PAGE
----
Objectives: Renal neurogenic hypertension (RNH) contributes to cardiovascular morbidity. Renal hypoxia may cause RNH and vice versa, leading to a vicious circle. Hypoxia adaptation is conferred through hypoxia-inducible factors (HIFs). We hypothesized that acute RNH is accompanied by increased renal vascular resistance (RVR) and that hypertension and increased RVR are countered by increasing HIF-1α by cobalt chloride (CoCl2) preconditioning.
Methods: First, we studied mean arterial pressure (MAP) and RVR in innervated or denervated contralateral kidneys in anesthetized rats before and after unilateral intrarenal injection of phenol, a manoeuvre known to elicit acute RNH. Then HIFα was induced by CoCl2 in drinking water (2 mM, 10 days) after which we compared intrarenal isotonic saline or phenol injection on MAP and RVR in CoCl2 preconditioned and control rats. HIF-1α was determined by immunohistochemistry.
Results: Unilateral intrarenal phenol induced immediate rise in MAP and contralateral RVR, and comparable HIF-1α upregulation in both kidneys, consistent with bi-renal hypoxia. Removing the phenol-injected kidney immediately normalized MAP. Contralateral renal denervation had no effect on the rise in MAP, but abrogated the contralateral increase in RVR, suggesting mediation by increased efferent nerve activity. Strong renal staining for HIF-1α confirmed efficacy of CoCl2 preconditioning, and time-dependent increase in heme oxygenase-1 gene expression stabilization of HIFα. CoCl2 preconditioning prior to phenol reduced both ΔMAP (+10 ± 2 vs. +20 ± 3%, P = 0.015) and ΔRVR (+21 ± 11 vs. +90 ± 26%, P = 0.003).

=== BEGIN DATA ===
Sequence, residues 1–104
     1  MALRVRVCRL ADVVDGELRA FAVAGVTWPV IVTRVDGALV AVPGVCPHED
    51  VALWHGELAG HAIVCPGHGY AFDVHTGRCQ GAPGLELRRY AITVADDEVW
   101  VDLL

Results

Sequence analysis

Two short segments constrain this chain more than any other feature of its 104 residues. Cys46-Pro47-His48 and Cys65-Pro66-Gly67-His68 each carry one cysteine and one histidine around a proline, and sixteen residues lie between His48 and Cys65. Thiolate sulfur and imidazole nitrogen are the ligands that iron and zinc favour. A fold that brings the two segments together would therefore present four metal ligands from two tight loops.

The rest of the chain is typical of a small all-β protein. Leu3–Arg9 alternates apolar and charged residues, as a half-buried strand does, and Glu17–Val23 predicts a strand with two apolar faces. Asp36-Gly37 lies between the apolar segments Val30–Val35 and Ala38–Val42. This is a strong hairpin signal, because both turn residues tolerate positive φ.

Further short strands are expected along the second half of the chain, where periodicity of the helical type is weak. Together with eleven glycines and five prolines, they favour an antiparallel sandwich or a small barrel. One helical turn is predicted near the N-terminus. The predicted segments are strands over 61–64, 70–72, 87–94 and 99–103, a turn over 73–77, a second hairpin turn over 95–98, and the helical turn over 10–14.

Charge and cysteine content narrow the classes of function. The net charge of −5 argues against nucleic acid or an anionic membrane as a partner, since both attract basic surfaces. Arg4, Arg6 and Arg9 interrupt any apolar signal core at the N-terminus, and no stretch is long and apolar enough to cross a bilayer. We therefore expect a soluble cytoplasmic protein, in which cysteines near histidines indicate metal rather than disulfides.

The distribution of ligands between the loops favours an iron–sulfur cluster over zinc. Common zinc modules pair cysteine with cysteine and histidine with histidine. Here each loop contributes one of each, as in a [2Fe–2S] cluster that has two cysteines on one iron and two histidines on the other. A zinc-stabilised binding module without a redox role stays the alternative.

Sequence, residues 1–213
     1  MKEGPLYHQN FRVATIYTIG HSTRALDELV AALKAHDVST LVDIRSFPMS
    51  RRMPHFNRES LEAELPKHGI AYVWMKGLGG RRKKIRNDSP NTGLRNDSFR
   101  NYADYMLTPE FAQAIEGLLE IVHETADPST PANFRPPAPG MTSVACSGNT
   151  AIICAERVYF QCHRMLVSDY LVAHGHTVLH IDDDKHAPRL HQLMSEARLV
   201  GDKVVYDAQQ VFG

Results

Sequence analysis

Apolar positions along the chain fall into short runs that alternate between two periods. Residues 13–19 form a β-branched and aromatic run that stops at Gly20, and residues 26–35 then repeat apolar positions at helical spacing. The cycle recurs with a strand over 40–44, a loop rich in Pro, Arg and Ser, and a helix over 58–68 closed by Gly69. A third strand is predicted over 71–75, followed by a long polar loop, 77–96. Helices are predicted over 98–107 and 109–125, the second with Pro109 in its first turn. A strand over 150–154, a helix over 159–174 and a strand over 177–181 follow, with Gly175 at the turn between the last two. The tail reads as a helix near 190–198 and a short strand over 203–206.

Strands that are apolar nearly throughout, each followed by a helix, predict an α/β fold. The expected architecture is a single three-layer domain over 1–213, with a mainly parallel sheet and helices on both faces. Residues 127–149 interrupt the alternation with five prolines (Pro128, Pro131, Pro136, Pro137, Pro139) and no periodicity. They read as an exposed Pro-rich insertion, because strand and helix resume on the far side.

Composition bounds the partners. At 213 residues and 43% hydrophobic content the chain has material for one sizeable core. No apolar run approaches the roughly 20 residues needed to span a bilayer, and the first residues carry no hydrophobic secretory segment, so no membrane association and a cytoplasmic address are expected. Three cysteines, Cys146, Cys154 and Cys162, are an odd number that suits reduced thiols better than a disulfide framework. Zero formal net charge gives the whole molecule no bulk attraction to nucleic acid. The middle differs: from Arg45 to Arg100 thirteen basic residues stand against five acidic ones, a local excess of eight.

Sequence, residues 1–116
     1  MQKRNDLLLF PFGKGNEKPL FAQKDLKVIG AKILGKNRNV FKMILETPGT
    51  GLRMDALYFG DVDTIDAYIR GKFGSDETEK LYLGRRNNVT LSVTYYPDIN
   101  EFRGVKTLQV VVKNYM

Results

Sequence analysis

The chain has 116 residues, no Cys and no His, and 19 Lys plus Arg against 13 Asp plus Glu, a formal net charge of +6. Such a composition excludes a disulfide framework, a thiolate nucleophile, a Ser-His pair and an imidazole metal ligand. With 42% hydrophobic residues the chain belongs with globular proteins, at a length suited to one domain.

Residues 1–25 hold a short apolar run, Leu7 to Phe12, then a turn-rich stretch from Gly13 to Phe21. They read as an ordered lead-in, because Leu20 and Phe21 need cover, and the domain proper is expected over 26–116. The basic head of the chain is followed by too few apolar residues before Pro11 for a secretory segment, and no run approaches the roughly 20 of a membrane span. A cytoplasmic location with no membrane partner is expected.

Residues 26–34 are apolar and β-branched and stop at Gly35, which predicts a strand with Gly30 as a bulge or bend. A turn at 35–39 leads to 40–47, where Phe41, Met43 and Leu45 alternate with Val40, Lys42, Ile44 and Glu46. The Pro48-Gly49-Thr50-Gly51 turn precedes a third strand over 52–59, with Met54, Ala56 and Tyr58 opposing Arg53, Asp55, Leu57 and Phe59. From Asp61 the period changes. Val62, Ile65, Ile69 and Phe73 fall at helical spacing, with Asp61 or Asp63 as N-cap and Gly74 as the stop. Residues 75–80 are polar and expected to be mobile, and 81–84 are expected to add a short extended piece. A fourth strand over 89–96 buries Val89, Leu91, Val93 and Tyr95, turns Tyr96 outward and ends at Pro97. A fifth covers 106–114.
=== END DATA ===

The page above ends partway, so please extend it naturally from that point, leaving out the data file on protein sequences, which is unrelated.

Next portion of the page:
Conclusion: Acute RNH leads to renal vasoconstriction and increased renal HIF-1α. Increasing HIF-1α by CoCl2 preconditioning ameliorates intrarenal phenol-induced RNH and renal vasoconstriction.
aDepartment of Nephrology and Hypertension, University Medical Center Utrecht, the Netherlands
bCharité Universitaetsmedizin, Nephrology, Berlin, Germany
cDivision of Pharmacology, Department of Internal Medicine, Vascular and Metabolic Diseases, Erasmus University Medical Center, Rotterdam, the Netherlands
Correspondence to Jaap A Joles, DVM, PhD, Department of Nephrology and Hypertension, Heidelberglaan 100, 3584 CX Utrecht, The Netherlands. Tel: +31 30 253 5269; fax: +31 30 243 4932; e-mail: firstname.lastname@example.org
Abbreviations: BSA, bovine serum albumin; CKD, chronic kidney disease; CoCl2, cobalt chloride; EPO, erythropoietin; GFR, glomerular filtration rate; HIF, hypoxia-inducible factor; HO-1, heme oxygenase 1; LK, left kidney; MAP, mean arterial pressure; PHD, HIF-prolyl hydroxylase; RBF, renal blood flow; RK, right kidney; RNH, renal neurogenic hypertension; RVR, renal vascular resistance
Received 18 July, 2013
Accepted 26 October, 2013